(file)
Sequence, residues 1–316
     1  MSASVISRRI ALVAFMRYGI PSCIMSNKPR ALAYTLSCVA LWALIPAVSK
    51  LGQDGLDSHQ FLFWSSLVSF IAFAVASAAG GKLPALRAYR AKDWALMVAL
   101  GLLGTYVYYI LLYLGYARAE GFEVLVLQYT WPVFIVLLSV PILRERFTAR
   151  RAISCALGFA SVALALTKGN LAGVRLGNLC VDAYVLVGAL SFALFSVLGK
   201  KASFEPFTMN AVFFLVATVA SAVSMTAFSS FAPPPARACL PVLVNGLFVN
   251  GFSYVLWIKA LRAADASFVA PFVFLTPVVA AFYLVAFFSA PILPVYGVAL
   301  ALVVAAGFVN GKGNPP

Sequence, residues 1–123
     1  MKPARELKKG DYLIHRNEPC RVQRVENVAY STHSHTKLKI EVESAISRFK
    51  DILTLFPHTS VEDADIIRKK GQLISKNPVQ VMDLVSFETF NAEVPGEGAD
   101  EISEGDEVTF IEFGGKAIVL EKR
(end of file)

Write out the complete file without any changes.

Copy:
Sequence, residues 1–316
     1  MSASVISRRI ALVAFMRYGI PSCIMSNKPR ALAYTLSCVA LWALIPAVSK
    51  LGQDGLDSHQ FLFWSSLVSF IAFAVASAAG GKLPALRAYR AKDWALMVAL
   101  GLLGTYVYYI LLYLGYARAE GFEVLVLQYT WPVFIVLLSV PILRERFTAR
   151  RAISCALGFA SVALALTKGN LAGVRLGNLC VDAYVLVGAL SFALFSVLGK
   201  KASFEPFTMN AVFFLVATVA SAVSMTAFSS FAPPPARACL PVLVNGLFVN
   251  GFSYVLWIKA LRAADASFVA PFVFLTPVVA AFYLVAFFSA PILPVYGVAL
   301  ALVVAAGFVN GKGNPP

Sequence, residues 1–123
     1  MKPARELKKG DYLIHRNEPC RVQRVENVAY STHSHTKLKI EVESAISRFK
    51  DILTLFPHTS VEDADIIRKK GQLISKNPVQ VMDLVSFETF NAEVPGEGAD
   101  EISEGDEVTF IEFGGKAIVL EKR